Many entrepreneurs write books, but few write fiction. Ken Merrell is an even rarer breed: a dyslexic author who can't read his own work in public.
On the Side
At first, Ken Merrell pursued his unlikely passion at night after working all day as CEO of Cobblecrete International, the Orem, Utah, concrete-stamping company he'd founded and built into a 25-employee, $2.7-million business. Then he started stealing moments out of his workday. Finally, he took a year's leave of absence, so great was his need to finish writing his first suspense novel.
Many an entrepreneur writes -- or at least produces an as-told-to business book. Few, however, write fiction. Merrell is an even rarer breed, the equivalent of a mountain climber with a fear of heights: a dyslexic author who can't read his own work in public. "I'm so embarrassed to read," he says, "I turn beet red." In junior high, he became physically ill before English class. In college, before he dropped out, he prevailed upon others to write his papers. Still, he was a riveting storyteller, and as his 40th birthday approached, he felt a best-seller swirling inside his head. To relieve the demons, the father of six began to write. Horribly, at first. In the same way that he'd disassembled and rebuilt car engines as a 12-year-old, Merrell wrote and rewrote. He studied and learned from Grisham and Hemingway and Dickens.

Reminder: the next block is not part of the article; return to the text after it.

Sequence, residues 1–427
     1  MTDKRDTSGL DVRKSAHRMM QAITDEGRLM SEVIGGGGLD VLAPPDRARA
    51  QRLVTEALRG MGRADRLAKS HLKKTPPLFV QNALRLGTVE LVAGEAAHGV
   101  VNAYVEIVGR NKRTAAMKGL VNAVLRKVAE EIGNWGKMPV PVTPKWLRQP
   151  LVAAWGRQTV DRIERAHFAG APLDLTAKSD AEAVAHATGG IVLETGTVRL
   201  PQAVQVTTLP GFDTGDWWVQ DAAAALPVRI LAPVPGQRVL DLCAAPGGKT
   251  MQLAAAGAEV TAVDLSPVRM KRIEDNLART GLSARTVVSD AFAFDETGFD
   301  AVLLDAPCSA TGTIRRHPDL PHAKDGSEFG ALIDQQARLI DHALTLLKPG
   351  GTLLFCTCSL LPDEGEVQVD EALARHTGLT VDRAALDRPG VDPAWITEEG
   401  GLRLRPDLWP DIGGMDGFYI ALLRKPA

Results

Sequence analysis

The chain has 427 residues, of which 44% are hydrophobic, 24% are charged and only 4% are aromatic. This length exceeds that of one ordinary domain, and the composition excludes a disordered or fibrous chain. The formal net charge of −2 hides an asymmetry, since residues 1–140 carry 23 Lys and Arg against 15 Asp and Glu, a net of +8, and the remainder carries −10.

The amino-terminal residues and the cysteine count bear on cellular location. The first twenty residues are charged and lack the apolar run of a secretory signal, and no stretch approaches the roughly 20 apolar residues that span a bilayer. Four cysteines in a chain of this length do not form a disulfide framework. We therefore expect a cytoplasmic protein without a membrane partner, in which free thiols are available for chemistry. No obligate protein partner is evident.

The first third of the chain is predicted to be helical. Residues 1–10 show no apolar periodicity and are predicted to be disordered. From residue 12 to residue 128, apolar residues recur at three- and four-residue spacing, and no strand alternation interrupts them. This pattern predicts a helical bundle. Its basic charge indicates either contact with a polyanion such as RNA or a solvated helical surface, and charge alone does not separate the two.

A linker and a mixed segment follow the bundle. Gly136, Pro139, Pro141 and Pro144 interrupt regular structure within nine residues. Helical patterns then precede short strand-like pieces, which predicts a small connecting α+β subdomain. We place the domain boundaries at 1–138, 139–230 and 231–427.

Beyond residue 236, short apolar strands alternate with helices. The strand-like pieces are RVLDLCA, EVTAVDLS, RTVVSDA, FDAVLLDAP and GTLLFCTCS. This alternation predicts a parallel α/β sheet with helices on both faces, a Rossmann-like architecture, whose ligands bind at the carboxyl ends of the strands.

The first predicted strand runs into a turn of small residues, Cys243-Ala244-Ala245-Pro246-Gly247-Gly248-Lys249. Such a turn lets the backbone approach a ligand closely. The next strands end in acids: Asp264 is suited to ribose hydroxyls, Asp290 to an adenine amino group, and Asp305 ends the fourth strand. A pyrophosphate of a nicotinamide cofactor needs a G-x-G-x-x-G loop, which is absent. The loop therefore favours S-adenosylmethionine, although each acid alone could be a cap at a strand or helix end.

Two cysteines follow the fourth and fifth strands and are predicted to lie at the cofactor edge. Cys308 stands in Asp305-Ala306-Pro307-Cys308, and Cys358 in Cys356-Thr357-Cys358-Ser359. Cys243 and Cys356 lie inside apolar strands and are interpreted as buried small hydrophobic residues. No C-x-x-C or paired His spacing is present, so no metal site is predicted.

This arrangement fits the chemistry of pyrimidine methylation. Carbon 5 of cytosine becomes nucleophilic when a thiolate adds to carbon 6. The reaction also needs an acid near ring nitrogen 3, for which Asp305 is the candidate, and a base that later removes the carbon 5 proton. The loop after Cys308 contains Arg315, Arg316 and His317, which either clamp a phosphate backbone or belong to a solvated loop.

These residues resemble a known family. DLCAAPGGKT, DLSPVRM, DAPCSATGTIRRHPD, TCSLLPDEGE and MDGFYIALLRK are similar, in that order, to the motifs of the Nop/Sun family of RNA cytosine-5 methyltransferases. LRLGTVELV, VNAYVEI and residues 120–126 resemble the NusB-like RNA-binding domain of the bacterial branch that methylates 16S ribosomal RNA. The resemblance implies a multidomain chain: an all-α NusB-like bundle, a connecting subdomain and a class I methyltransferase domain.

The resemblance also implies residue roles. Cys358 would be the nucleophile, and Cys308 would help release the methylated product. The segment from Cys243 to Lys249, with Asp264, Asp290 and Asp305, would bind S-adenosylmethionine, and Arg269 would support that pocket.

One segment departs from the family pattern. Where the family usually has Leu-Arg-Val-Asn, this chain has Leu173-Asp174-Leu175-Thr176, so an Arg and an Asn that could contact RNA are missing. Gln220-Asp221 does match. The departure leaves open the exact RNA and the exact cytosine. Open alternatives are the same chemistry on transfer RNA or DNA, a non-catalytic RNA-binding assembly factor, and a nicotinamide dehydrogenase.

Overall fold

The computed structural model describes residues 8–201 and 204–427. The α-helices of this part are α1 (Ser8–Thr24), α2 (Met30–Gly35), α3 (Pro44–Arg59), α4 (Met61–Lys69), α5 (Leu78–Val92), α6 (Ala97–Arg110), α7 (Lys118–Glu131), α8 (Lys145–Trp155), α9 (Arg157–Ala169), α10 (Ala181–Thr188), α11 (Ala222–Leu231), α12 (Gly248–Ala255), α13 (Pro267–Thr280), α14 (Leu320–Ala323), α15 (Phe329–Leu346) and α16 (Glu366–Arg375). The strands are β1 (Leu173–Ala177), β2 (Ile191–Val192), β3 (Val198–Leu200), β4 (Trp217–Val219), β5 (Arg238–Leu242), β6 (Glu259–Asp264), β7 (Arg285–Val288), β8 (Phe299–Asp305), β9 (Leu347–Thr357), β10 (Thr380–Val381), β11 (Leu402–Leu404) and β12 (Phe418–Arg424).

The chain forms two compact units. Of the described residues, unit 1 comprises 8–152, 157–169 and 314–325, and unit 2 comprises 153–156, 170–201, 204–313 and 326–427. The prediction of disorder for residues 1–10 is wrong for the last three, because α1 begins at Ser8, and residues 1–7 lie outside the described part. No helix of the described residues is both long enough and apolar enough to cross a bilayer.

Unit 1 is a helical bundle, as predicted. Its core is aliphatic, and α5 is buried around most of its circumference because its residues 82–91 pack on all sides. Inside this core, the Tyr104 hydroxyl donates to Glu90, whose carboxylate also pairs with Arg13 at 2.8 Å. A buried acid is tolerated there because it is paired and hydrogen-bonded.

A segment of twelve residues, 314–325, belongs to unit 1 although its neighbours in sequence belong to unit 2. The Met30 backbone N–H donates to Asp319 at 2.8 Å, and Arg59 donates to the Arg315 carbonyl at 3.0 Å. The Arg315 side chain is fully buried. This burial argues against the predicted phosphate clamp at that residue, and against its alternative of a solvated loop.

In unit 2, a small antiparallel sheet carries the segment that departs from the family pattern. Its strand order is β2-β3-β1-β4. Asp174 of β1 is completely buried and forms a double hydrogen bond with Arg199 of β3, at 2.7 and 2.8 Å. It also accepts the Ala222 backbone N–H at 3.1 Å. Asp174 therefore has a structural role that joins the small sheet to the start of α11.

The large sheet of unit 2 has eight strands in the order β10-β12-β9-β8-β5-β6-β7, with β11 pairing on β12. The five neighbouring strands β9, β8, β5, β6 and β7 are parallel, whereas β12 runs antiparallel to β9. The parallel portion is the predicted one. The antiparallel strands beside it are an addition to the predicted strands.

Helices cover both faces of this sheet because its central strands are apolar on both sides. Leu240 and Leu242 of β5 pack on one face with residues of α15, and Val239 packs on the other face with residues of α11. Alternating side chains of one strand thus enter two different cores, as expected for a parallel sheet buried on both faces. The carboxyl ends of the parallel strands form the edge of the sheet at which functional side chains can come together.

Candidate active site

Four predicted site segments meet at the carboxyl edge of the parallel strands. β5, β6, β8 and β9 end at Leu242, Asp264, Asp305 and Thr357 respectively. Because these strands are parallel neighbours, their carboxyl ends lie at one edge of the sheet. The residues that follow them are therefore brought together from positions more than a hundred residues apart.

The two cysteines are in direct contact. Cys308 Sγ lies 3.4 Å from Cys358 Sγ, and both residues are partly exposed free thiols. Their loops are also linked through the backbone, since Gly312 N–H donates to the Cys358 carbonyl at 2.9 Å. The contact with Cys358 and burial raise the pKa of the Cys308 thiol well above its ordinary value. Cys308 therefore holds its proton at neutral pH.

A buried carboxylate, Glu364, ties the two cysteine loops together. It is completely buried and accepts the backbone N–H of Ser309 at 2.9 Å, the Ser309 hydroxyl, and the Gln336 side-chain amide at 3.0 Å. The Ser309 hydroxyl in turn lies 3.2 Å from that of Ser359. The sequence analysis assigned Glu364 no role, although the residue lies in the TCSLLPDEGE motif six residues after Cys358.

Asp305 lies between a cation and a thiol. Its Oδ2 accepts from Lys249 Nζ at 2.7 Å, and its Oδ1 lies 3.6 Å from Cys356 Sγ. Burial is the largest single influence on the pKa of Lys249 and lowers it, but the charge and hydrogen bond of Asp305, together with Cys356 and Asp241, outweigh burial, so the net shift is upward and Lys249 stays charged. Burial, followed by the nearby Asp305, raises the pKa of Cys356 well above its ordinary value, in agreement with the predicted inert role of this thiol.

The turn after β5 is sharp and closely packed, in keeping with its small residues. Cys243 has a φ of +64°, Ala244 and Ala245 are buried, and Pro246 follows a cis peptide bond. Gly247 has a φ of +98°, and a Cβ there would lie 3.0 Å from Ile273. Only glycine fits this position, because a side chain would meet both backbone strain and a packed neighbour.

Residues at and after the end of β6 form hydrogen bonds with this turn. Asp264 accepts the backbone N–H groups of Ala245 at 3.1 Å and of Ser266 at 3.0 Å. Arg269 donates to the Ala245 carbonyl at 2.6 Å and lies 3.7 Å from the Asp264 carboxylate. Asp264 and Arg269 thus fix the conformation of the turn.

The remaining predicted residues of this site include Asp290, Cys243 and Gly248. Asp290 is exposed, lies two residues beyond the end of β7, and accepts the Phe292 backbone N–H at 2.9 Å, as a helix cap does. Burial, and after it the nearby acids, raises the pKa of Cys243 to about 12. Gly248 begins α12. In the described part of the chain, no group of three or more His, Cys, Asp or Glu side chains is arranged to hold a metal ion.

When he finally finished his book, he founded his own company, Kay Dee Books, to publish it. In March 2001 he printed 50,000 paperback copies of his thriller, The Landlord, and then another 75,000 copies, many of which were given away at TCBY frozen-yogurt stores along with the company's new frozen drink as part of a "Buy a Chiller, Get a Thriller" campaign.
Last year Merrell sold his concrete company but quickly started making plans for another business, Line-A-Bed USA, a maker of equipment and supplies for spraying urethane liners onto truck beds. He now bookends his long start-up hours with early-morning and late-night writing sessions. His second novel, The Identity Check, is now out in hardcover, written like his first "at 21 words a minute," Merrell says. "That's as fast as I can type with two fingers."